by Rabbi Yaakov Menken
"And Yaakov settled in the dwelling-place of his father, in the land of
The Medrash says that Yaakov wanted to settle down, into a "satisfied
peace." Anyone who has read through Yaakov's life could understand why this
might be so. He grew up with a murderer for a brother, from whom he
eventually was forced to flee. He then went to his uncle, Lavan the idol-
worshipper, where he worked seven years to get married, only to be tricked
into marrying the wrong sister and working seven more years for the younger
one. Then he continued to work, until fear for his life caused him to run
away once again. Finally, his wife Rachel died bearing her second child. At
this point, we might understand his interest in relaxing with his family!
But the Medrash says that G-d looked at Yaakov, and said, "Is it not enough
for the righteous that the World to Come is prepared for them, that they
also desire to dwell in satisfaction [in this world]?"
The Chassam Sofer, Rabbi Moshe Sofer, asks a variant of the classic
question, "Why do bad things happen to good people?" If G-d is good and
beneficent, he asks, then why should it bother Him that a Tzaddik, a
righteous person, should have peace?
In order to explain this, the Chassam Sofer analyzes the verse in Psalm 145,
"You open up Your hand, and satisfy every living thing with 'Ratzon'
[desire]." We usually understand this to mean that G-d gives every living
thing according to its needs and wants. The Chasam Sofer offers a new insight.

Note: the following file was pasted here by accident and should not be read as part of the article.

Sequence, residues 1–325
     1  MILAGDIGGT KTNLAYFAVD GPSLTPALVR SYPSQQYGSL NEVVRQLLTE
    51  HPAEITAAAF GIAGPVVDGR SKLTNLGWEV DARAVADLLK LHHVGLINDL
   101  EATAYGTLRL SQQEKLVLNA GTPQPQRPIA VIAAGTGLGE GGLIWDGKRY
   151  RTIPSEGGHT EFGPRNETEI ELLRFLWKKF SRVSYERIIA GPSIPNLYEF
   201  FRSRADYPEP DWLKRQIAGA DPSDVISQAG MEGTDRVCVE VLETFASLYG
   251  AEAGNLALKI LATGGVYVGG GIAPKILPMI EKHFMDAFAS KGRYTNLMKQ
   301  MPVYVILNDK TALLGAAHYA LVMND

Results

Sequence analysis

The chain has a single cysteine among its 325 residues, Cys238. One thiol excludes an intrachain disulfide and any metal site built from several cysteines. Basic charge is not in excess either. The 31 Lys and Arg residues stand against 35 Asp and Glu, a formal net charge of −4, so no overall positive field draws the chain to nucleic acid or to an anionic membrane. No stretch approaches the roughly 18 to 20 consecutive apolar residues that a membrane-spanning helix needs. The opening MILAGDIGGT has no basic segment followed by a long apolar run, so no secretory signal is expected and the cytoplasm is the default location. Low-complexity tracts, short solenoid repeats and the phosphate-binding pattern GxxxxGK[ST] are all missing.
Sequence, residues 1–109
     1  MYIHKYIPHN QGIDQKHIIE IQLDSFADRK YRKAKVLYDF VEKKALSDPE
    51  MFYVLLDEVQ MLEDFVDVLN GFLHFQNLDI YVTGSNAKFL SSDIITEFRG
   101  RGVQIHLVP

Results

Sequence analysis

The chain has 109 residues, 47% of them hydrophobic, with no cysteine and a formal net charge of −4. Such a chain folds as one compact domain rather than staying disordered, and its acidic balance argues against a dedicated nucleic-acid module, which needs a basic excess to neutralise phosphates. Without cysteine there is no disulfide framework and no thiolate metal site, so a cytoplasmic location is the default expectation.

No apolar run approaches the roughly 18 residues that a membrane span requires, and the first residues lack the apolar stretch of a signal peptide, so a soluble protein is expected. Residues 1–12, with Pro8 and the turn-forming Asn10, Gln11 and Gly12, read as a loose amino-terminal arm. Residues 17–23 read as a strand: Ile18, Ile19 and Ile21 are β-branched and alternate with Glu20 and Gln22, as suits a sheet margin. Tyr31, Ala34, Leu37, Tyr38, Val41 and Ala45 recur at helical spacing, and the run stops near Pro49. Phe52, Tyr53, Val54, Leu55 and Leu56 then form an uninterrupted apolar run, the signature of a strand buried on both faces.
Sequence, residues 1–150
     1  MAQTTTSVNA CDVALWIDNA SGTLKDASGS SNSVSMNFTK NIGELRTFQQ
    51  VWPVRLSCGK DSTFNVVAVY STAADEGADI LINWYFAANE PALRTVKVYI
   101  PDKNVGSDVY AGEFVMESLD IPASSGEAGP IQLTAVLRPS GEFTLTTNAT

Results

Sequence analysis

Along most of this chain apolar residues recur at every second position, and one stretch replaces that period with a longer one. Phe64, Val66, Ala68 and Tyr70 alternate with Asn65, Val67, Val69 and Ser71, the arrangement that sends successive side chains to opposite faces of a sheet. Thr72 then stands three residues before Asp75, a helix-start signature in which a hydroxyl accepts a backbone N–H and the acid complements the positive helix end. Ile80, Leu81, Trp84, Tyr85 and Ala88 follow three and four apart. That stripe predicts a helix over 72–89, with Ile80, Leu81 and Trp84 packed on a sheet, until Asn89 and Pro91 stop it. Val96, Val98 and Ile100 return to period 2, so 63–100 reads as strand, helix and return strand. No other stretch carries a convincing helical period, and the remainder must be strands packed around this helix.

We know, says the Rabbi, that one who receives everything she wants without
limit [and has nothing left to strive for], eventually is disgusted with her
very life. It is very important for a person to have wants and desires. In
addition, it is obvious that one who feels that he lacks something, and
desires it, is a thousand times happier to finally receive it than is one
who never desired it or felt the lack in the first place. This, then, is the
meaning of satisfying every living thing with "desire" - that with all that
G-d gives a person, He ensures that it is with desire - meaning that the
recipient still desires other things. Further, G-d gives the desire in the
first place, in order that we rejoice when we attain our goals.
So too, says the Chassam Sofer, is it important that the righteous recognize
that there is no peace and satisfaction, no completion and no perfection, in
this world. If they did not feel a lack in this world, then they could not
fully understand or rejoice in the greatness of the World to Come. This is
why G-d said, "It is not enough for the righteous that the World to Come is
prepared for them; rather, they must desire to dwell in satisfaction!" It
was not a rhetorical question, but a statement: because of their very
righteousness, they must desire the rest available in the World to Come,
meaning that they must see the lack of it in this world. Then, concludes
Rabbi Sofer, they will rejoice and celebrate in the great things given to
the House of Israel, all of whom have a share in the World to Come!
Text Copyright © 1995 Rabbi Yaakov Menken and Project Genesis, Inc.
The author is the Director of Project Genesis.